Pronunciation: [ka-behr-NAY soh-vihn-YOHN; soh-vee-NYAW<em>N</em>]
The most successful and popular of the top-quality red-wine grapes, Cabernet Sauvignon is the basis for most of California's superb red wines and the primary grape of most of the top vineyards in Bordeaux's Médoc and Graves districts. In Bordeaux, Cabernet Sauvignon is most often blended with one or more of the following grapes: Merlot, Cabernet Franc, Petit Verdot or Malbec. In California, wines are more often made with 100 percent Cabernet Sauvignon grapes, although some blending is now taking place. Cabernet Sauvignon grapes produce full-bodied, fruity wines that are rich, complex and intensely flavorful. There are a multitude of well-made Cabernet Sauvignon-based wines made throughout the world. Among the most notable are those from France's Château Lafite-Rothschild, Château Latour, Château Mouton-Rothschild and Château Margaux, and California's Beaulieu Vineyards, Caymus Vineyards, Heitz Wine Cellars and Robert Mondavi Winery. Cabernet Sauvignon is a red-wine drinker’s red wine. It’s quite rich, packed with intense bordering-on-bitter flavors that can be almost leathery and that need something equally bold (and bordering-on-bitter) to stand up – a charred, well-marbled steak does so nicely. Actually, anything fatty, rich or toasty will pair perfectly with Cabernet Sauvignon.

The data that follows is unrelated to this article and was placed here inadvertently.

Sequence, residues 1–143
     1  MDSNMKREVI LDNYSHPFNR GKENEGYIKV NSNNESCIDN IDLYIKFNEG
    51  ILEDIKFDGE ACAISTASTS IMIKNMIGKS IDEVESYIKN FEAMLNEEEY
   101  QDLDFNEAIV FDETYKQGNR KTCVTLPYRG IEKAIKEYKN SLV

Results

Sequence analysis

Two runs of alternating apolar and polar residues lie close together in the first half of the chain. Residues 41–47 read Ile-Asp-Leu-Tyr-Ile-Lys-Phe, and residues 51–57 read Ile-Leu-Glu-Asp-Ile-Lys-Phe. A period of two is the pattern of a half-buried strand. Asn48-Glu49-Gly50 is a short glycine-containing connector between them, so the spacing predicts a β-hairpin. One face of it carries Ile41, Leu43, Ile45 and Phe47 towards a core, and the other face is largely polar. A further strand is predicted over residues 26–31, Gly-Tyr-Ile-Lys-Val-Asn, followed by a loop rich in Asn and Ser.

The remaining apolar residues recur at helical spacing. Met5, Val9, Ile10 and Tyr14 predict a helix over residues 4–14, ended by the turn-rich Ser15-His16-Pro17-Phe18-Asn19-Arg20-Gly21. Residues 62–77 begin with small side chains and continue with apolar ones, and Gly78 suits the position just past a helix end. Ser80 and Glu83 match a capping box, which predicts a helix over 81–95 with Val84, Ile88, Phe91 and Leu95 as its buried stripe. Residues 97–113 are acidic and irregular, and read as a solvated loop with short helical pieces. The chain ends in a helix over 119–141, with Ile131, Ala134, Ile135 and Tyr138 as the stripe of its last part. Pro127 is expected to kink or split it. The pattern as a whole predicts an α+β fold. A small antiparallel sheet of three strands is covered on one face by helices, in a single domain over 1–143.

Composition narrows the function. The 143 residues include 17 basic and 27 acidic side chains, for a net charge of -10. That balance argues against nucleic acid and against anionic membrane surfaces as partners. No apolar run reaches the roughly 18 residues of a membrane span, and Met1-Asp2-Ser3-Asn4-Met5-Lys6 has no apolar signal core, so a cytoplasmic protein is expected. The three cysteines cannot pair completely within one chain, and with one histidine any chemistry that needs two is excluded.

From The Food Lover's Companion, Fourth edition by Sharon Tyler Herbst and Ron Herbst. Copyright © 2007, 2001, 1995, 1990 by Barron's Educational Series, Inc.